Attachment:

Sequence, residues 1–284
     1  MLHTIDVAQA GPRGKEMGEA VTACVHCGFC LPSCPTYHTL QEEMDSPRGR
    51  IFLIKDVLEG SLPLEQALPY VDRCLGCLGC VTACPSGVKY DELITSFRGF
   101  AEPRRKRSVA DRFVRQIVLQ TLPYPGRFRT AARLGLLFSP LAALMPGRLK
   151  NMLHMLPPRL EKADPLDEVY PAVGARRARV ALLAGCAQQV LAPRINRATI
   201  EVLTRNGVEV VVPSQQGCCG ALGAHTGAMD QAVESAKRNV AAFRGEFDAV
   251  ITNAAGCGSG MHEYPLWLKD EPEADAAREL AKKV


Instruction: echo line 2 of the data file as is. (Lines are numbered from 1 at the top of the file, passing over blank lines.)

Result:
     1  MLHTIDVAQA GPRGKEMGEA VTACVHCGFC LPSCPTYHTL QEEMDSPRGR